12. GUO, B. and FRIEDMAN, G.M., 1990, Petrophysical characteristics of Holocene beachrock:Carbonates and Evaporites, v. 5, p. 223–243.CrossRefGoogle Scholar
  13. GISCHLER, E. and LOMANDO, A., 1997, Holocene cemented beach deposits in Belize:Sedimentary Geology, v. 110, p. 277–297.CrossRefGoogle Scholar
  14. GIVEN, R.K. and WILKINSON, B.H., 1985, Kinetic control of morphology, composition, and mineralogy of abiotic sedimentary carbonates:Journal of Sedimentary Petrology, v. 55, p. 109–119.Google Scholar
  15. HANOR, J.S., 1978, Precipitation of beachrock cements: mixing of marine and meteoric waters vs. CO2 degassing:Journal of Sedimentary Petrology, v. 48, p. 489–501.Google Scholar
  16. HOLAIL, H.M. AND RASHED, M.A., 1992, Stable isotopic composition of carbonate-cemented recent beachrock along the Mediterranean and the Red Sea coasts of Egypt:Marine Geology, v. 106, p. 141–148.CrossRefGoogle Scholar
  17. HUDSON, J.D., 1977, Stable isotopes of limestone lithification:Journal of Geological Society of London, v. 133, p. 637–660.CrossRefGoogle Scholar
  18. JAMES, N.P., GINSBURG, R.N., MARSZALEK, D.S. and CHOQUETTE, P.W., 1976, Facies and fabric specificity of early subsea cements in shallow Belize (British Honduras) reefs:Journal of Sedimentary Petrology, v. 46, p. 523–544.Google Scholar
  19. KHALAF, F.I., 1988, Quaternary calcareous hard rocks and the associated sediments in the intertidal and offshore zones of Kuwait:Marine Geology, v. 80, p. 1–27.CrossRefGoogle Scholar
  20. KNEALE, D. and VILES, H.A., 2000, Beach cement: incipient CaCO3-cemented beachrock development in the upper intertidal zone, North Uist, Scotland.Sedimentary Geology, v. 132, p. 165–170.CrossRefGoogle Scholar
  21. MACINTYRE, I.G., 1984, Extensive submarine lithification in a cave in the Belize barrier reef platform:Journal of Sedimentary Petrology, v. 54, p.221–235.Google Scholar
  22. MAGARITZ, M., GAVISH, E., BAKLER, N. and KAFRI, U., 1979, Carbon and oxygen isotope composition-indicators of cementation environment in Recent, Holocene and Pleistocene sediments along the coast of Israel.Journal of Sedimentary Petrology, v. 49, p. 401–411.Google Scholar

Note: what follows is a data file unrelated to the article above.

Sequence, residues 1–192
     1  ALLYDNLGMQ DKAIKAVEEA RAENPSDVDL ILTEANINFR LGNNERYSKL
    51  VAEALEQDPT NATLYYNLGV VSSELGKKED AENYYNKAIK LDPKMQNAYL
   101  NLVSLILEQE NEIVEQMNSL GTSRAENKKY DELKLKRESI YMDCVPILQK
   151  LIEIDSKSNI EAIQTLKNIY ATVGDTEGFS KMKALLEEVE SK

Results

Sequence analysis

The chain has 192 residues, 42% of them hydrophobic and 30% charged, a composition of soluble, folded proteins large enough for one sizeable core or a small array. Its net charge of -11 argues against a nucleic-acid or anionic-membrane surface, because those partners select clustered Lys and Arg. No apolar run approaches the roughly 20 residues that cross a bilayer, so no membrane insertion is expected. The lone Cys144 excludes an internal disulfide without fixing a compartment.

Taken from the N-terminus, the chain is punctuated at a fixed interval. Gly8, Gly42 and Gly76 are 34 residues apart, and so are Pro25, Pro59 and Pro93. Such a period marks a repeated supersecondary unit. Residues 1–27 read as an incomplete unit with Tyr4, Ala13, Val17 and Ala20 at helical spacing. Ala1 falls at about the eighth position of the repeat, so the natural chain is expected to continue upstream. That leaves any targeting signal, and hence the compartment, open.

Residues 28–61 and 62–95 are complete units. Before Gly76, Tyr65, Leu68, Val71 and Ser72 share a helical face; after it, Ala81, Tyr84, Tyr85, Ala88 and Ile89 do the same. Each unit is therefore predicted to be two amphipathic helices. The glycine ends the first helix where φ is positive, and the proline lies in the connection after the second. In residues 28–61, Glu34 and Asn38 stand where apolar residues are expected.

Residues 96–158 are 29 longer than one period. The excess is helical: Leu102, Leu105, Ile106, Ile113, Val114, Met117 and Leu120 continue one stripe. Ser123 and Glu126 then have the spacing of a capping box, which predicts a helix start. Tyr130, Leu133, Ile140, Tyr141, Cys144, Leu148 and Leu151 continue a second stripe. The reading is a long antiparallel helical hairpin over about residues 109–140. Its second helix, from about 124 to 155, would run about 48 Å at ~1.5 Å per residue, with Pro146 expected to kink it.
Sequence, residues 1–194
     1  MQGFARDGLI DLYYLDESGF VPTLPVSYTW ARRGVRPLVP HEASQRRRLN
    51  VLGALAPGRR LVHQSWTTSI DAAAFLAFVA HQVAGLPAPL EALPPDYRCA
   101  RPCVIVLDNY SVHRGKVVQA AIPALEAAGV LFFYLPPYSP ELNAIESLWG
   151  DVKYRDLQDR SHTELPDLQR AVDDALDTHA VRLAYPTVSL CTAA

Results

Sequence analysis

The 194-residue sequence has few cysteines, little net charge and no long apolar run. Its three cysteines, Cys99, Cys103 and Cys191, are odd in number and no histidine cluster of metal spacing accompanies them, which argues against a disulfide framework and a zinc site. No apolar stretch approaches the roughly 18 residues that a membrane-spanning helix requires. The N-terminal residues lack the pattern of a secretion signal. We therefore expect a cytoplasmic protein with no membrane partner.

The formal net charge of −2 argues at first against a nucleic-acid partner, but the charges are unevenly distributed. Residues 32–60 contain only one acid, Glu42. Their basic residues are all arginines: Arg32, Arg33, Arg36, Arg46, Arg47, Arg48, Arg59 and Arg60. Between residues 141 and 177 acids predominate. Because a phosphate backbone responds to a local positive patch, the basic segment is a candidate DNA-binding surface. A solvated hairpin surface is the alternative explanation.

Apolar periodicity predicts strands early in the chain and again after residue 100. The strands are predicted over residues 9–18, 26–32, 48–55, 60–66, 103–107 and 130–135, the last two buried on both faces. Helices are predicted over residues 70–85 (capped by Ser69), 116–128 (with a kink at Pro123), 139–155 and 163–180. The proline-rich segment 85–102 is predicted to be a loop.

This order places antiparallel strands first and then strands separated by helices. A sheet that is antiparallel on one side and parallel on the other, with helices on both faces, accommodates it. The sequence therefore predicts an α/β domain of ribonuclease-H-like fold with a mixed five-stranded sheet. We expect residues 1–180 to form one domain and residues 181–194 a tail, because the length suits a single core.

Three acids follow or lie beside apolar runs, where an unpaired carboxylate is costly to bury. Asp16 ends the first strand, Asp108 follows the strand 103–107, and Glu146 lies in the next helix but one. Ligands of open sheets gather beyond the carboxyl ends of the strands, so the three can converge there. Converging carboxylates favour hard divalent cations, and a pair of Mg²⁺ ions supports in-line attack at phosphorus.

23. MEYERS, J.H., 1987, Marine vadose beachrock cementation by cryptocrystalline magnesian calcite, Maui, Hawaii:Journal of Sedimentary Petrology, v. 57, p. 558–570.Google Scholar
  24. MILLIMAN, J.D., 1974, Marine carbonates. Springer-Verlag, Berlin, 378 p.Google Scholar
  25. MOORE, C.H., 1973, Intertidal carbonate cementation, Grand Cayman, West Indies:Journal of Sedimentary Petrology, v. 43, p. 591–602.Google Scholar
  26. MORROW, D.W., 1982, Diagenesis 1. Dolomite-part 1. The chemistry of dolomitization and dolomite precipitation:Geoscience Canada, v. 9, p. 5–13.Google Scholar
  27. MORSE, J.W. and MACKENZIE, F.T., 1990, Geochemistry of sedimentary carbonates. Elsevier, Amsterdam, 707 p.Google Scholar
  28. MUCCI, A. and MORSE, J.W., 1983, The incorporation of Mg2+ and Sr2+ into calcite overgrowths: influences of growth rate and solution composition:Geochimica Cosmochimica Acta, v. 47, p. 217–233.CrossRefGoogle Scholar
  29. NEUMEIER, URS, 1999, Experimental modelling of beachrock cementation under microbial influence:Sedimentary Geology, v. 126, p. 35–46.CrossRefGoogle Scholar
  30. RUSSELL, R.J., 1962, Origin of beachrock:Zeitschrift für Geomorphologie, v. 6, p. 1–6.Google Scholar
  31. SCHMALZ, R.F., 1971, Formation of beachrock at Eniwetak Atoll,in O.P. Bricker, ed., Carbonate Cements. Johns Hopkins University Press, Baltimore, Maryland, p. 17–24.Google Scholar
  32. SHINN, E.A., 1969, Submarine lithification of Holocene carbonate sediments in the Persian Gulf:Sedimentology, v. 12, p. 109–144.CrossRefGoogle Scholar
  33. STRASSER, A. and STROHMENGER, C., 1997, Early diagenesis in Pleistocene coral reefs, southern Sinai, Egypt: response to tectonics, sea-level and climate:Sedimentology, v. 44, p. 537–558.CrossRefGoogle Scholar
  34. STRASSER, A., STROHMENGER, C., DAVAUD, E., and BACH, A., 1992, Sequential evolution and diagenesis of Pleistocene coral reefs (South Sinai, Egypt):Sedimentary Geology, v. 78, p. 59–79.CrossRefGoogle Scholar
  35. STUMM, W. 1992, Chemistry of the solid-water interface. Wiley, New York, 448 p.Google Scholar
  36. TAYLOR, J.C.M. and ILLING, L.V., 1969, Variation in Recent beachrock cements, Qatar, Persian Gulf,in O. Bricker, ed., Carbonate cements: Baltimore, Maryland, Johns Hopkins University Press, p. 32–35.Google Scholar
  37. WALTER, L.M., 1986, Relative efficiency of carbonate dissolution and precipitation during diagenesis: A progress report on the role of solution chemistry:Journal of Sedimentary Petrology, v. 56, p. 1–11.Google Scholar
  38. WHITTLE, G., KENDALL, C.G.ST., DILL, R.F. and ROUCH, L., 1993, Carbonate cement fabrics displayed: A traverse across the margin of the Bahamas platform near Lee Stocking Island in the Exuma Cays:Marine Geology, v. 110, p. 213–243.CrossRefGoogle Scholar

Copyright information

© Springer 2004

Authors and Affiliations

  • H. M. Holail
    • 1
  • M. N. Shaaban
    • 1
  • A. S. Mansour
    • 1
  1. 1.Geology Department, Faculty of ScienceAlexandria UniversityAlexandriaEgypt

Personalised recommendations